My Player One and Only

My Player One and Only
Sex and the Single Player

Russ Pitts | 11 Aug 2009 11:16
My Player One and Only - RSS 2.0

Full disclosure: The author is happily married. - Ed

Very few of my attempts to marry gaming and a healthy dating life have ended well. There's just something about gaming and relationships. Women seem to feel very possessive of time. They prefer that the men in their lives spend time doing things that involve them, so, naturally, time spent doing things that don't involve them are usually frowned upon.

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As far as time-sinks go, gaming is a hog. For the gamer (i.e., me) that's a good thing. For the non-gaming partner (i.e., most of my exes) this is not so much the case. If only I had learned sooner that a successful relationship is best formed with a fellow gamer.

Boy Meets Girrrl

I used to have a thing for rock stars. Well, not actual "stars" per se, but you would never know it from the way they partied. The town I lived in was rife with musicians, so avoiding dating one was the real numbers game. All of my friends were in bands and, by virtue of hanging around them, I ended up dating their musician friends. This was not entirely a good thing.

At first glance, you may think musicians, with their stay-up-all-night-and-report-to-work-bleary-the-next-day lifestyle would merge seamlessly with gamers, who often approach life in very much the same way (substituting Taurens and Bawls for hookers and blow), but the truth is the two groups mix like oil and water. See, the gamer's definition of "cranking it" may be staying up until 4am, playing Rock Band and going through the motions of being a rock star, but the musician's definition involves actually being a rock star. This creates a natural, if subtle divide between the two camps.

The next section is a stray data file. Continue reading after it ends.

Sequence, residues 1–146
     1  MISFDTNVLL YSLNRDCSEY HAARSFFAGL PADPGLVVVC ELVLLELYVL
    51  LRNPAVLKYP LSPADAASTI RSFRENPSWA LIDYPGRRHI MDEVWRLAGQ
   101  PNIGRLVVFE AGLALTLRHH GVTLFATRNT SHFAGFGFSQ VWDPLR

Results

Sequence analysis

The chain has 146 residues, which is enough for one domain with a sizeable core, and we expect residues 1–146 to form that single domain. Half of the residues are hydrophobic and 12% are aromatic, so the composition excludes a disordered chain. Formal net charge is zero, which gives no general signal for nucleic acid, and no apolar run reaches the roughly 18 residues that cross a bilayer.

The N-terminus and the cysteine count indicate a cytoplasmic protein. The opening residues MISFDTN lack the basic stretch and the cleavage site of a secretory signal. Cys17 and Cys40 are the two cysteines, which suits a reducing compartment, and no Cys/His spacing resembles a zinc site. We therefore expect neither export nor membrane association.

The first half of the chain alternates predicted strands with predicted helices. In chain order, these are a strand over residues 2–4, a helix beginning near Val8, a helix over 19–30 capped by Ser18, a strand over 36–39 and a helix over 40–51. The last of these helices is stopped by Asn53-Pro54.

While there are many musicians who, like you, have day jobs and play games to unwind, they also "play music" which they consider to be a "valuable skill" in spite of the fact it prevents them from holding jobs outside of the food service industry. They therefore tend to look down on those who play games and have food service jobs, but don't also play music. It's unfair, I know, but it's true.

So when it comes to my experiences being a single gamer that dated musicians, I have to admit that my experiences were usually either being a single gamer or dating a musician. The two never really mixed. I can recall a couple of occasions when I would sneak an all-day playing session (behind closed doors, pretending to be sick) into a week already containing several all-night bar crawls, but for the most part I just stopped playing. For a brief period in the late 90s I completely stopped playing, sold all of my games and occupied my time hanging out in bars and carrying amplifiers around for people with actual musical talent.

I'm not proud of this period of my life, but it did lead to some interesting experiences. Like the time, walking into the back entrance of a bar, carrying an amplifier, I stumbled over two bums having sex. They didn't seem to notice me, so I moved on - quickly. Ah, those were the days.

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